Kevin:	        Let’s	talk	about	these	lifestyle	adaptations.

Dr.	Williams:	 That’s	the	first	step.	This	is	not	an	up-regulation	of	your	lifestyle.	This	is	not	your	January	1st	program	
               where	you	say,	“I’m	going	to	go	to	the	gym	three	times	a	week.”	If	you	have	adrenal	fatigue	you	can’t	go	to	
               the	gym	and	get	benefit	from	that.	You	won’t	keep	up	your	January	1st	promises.	You	won’t	be	able	to	get	
               on	a	healthier	diet	or	watch	your	sweets	and	salt	and	fat	intake	because	your	adrenal	glands	are	imbalanced	
               and	the	cravings	are	too	strong.	So	don’t	make	any	promises	that	you	can’t	keep.	

	              You	need	to	restore	balance.	You	need	to	make	adaptations	to	diet,	little	by	little.	Make	changes.	Don’t	
               go	to	full	extremes	if	you	have	adrenal	fatigue.	Make	small,	consistent,	easy	steps.	First	of	all	in	your	diet.	
               Lower	the	sugar.	Cut	out	the	stimulants.	Reduce	or	eliminate	alcohol.

	              The	next	is	rest	and	sleep.	Typically	adrenal	health	people	need	a	nap	in	the	afternoon,	but	don’t	oversleep.	
               It	will	disturb	your	sleep	cycle	at	night.	20-30	minutes	is	more	than	enough.	Set	your	alarm	on	you	cell	
               phone	so	you	don’t	sleep	an	hour	or	two	in	the	afternoon.	If	you	wake	up	refreshed,	you’re	on	the	right	
               track.	If	you	wake	up	drowsy,	groggy,	you’re	not.	Nighttime	sleep,	we’ve	talked	about	that,	seven	to	nine	
               hours	of	good	sleep.	You	must	try	your	best	to	restore	your	sleep.	If	you	fall	asleep	easily	but	wake	up	wide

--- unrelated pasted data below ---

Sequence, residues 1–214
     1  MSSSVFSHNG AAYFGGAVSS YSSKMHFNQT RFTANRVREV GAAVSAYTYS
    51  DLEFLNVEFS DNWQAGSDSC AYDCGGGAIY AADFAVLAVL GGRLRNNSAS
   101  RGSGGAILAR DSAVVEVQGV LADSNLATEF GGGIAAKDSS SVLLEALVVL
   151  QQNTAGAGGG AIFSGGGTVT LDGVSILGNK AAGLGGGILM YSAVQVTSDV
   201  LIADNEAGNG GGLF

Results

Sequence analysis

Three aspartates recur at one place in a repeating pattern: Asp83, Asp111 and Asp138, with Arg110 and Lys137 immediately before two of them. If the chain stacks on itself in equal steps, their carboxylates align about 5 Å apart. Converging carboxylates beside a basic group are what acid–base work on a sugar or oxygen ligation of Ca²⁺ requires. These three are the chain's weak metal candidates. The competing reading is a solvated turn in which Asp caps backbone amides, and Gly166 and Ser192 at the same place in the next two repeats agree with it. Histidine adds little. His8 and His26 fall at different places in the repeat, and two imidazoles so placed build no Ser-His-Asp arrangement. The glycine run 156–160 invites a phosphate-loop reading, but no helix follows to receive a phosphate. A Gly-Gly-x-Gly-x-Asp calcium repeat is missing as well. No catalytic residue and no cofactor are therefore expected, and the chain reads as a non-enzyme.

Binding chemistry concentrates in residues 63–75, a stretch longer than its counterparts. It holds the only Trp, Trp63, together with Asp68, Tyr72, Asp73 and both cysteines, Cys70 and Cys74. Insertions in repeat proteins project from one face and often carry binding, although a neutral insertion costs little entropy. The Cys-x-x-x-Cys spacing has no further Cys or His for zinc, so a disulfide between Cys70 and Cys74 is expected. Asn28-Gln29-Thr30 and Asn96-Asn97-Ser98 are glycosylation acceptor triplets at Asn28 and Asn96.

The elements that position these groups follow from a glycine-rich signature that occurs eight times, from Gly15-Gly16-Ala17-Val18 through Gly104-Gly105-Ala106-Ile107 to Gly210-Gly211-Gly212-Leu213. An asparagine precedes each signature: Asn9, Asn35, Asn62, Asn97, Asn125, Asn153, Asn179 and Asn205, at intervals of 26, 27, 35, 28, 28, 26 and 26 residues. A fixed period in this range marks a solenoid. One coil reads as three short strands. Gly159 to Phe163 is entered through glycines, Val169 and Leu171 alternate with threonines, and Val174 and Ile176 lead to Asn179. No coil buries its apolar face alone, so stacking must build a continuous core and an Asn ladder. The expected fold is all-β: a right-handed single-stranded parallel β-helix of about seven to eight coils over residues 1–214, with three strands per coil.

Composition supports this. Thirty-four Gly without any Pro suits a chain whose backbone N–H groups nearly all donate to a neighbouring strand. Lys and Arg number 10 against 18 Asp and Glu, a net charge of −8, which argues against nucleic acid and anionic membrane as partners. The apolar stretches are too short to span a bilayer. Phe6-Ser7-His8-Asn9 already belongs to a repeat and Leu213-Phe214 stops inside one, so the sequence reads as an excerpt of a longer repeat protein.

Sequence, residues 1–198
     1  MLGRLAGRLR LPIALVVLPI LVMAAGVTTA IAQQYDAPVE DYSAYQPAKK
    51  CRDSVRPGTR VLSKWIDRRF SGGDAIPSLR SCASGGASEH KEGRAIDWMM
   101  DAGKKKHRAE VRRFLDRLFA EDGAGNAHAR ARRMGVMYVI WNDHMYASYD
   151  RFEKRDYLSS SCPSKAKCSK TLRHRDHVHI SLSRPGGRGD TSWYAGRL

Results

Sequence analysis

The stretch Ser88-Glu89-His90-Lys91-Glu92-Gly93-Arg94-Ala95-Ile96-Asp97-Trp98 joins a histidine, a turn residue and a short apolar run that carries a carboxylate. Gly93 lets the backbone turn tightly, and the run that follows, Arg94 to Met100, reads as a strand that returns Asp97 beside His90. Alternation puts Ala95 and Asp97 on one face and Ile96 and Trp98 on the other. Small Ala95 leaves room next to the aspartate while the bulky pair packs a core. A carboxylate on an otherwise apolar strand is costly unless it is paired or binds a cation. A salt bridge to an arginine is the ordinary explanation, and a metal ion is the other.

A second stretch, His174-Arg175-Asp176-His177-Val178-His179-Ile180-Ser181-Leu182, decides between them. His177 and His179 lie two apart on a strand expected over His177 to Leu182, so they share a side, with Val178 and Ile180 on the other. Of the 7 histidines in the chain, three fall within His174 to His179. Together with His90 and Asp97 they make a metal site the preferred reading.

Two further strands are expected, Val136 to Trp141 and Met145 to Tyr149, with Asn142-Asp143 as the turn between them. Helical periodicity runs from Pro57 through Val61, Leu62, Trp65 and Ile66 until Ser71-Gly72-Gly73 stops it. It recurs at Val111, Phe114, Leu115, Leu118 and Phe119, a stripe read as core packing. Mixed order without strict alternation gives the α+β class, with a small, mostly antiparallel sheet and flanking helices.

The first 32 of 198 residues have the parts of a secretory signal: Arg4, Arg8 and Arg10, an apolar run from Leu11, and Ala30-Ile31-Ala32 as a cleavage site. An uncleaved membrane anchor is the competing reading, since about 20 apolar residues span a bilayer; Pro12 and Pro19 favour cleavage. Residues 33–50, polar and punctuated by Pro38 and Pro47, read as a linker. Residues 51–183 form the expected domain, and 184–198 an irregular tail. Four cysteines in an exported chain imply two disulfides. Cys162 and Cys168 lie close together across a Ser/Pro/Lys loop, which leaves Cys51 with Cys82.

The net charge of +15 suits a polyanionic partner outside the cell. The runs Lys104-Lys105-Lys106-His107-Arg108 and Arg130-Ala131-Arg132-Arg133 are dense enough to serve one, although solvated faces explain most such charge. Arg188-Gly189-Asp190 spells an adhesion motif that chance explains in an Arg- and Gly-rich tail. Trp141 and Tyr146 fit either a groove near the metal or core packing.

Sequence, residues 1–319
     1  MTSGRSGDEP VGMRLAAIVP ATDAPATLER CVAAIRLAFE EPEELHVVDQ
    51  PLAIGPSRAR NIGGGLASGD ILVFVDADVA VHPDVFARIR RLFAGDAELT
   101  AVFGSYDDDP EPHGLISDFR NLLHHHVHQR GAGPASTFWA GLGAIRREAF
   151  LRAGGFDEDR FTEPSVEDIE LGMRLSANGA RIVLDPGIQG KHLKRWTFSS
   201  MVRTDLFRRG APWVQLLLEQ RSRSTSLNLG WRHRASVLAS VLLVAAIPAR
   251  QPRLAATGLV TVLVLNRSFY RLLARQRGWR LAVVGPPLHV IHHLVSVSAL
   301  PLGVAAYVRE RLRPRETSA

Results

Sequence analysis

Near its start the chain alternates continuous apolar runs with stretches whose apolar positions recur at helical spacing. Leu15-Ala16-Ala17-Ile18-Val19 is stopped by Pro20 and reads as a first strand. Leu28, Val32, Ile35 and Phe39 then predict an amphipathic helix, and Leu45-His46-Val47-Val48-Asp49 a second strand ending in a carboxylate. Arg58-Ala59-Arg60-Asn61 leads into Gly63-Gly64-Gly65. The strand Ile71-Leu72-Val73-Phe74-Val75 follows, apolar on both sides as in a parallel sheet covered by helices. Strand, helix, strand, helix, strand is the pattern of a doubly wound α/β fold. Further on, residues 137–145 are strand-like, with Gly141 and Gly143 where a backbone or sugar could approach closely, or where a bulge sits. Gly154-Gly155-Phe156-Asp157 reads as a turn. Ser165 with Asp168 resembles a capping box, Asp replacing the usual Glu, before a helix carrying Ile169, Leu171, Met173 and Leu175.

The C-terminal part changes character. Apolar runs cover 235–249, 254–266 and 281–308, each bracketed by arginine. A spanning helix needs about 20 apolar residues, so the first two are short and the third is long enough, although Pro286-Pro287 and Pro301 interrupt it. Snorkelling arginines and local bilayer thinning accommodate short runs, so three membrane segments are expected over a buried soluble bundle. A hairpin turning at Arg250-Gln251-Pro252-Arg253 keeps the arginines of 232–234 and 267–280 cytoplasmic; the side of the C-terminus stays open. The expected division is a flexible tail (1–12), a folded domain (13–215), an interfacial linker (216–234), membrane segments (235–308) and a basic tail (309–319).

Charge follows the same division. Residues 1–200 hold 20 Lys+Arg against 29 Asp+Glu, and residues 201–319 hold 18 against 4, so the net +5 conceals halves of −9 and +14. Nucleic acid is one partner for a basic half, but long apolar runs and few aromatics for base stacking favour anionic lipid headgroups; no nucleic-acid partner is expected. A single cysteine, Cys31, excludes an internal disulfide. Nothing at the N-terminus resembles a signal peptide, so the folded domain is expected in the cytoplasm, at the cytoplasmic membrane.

awake	at	two,	three	or	four	in	the	morning,	then	you’re	having	nighttime	hypoglycemia.	So	your	cortisol	
               is	going		up	and	your	blood	sugar	is	going	down.	You	need	to	have	a	light	carbohydrate	snack	before	bed.	
               Honey	and	chamomile	tea	is	fine.	A	little	bit	of	natural,	organic	yogurt	with	some	granola	on	it	is	fine.	
               Not	too	sugary,	though.	No	fruits	and	certainly	no	stimulants.	That	often	will	help	prevent	nighttime	
               hypoglycemia.	However,	if	you	do	wake	up	like	that	and	you’re	wide	awake	the	best	thing	to	do	is	get	out	
               of	bed	and	have	a	snack,	a	chamomile	tea	with	honey	or	even	half	a	teaspoon	of	raw,	organic	honey	in	
               warm	water.	Within	30	minutes	or	so	your	blood	sugar	will	be	stabilizing	and	you’ll	be	able	to	go	back	to	
               sleep.	

	              Make	sure	you	get	that	restorative	sleep.	You	need	at	least	two	hours	of	deep,	restorative	sleep.	That	usually	
               comes	at	the	end	of	your	sleep	cycle	because	these	adrenal	stress	people	have	disturbed	sleep	and	they	don’t	
               start	getting	into	the	restorative	cycle	until	after	four	in	the	morning,	often	not	until	five,	six	or	even	seven.	
               But	do	not	oversleep.

	              Try	to	balance	your	workplace.	The	amount	of	work	that	you	do	should	be	regular	and	balanced	so	that	
               you	don’t	have	to	take	any	long	vacations.	Your	immune	system	becomes	poor	functioning	in	this	adaptive	
               syndrome	of	adrenal	fatigue	and	you’re	more	susceptible	to	infection.	You’ll	be	on	and	off	work	with	cold	
               and	flu.	That’s	not	what	you	want.	You	want	to	balance	it	out.	Talk	to	your	employer	and	find	out	if	you	
               can	do	things	at	home.	Take	work	home.	Keep	it	up	regularly	and	don’t	overwork,	if	possible.

	              Stress.	You	have	to	manage	stress	better.	You	have	to	learn	coping	skills.	Talk	to	your	counselor,	your	coach.	
               Many	personal	trainers	and	massage	therapists	are	excellent	at	helping	with	that.	Psychologists	are	well-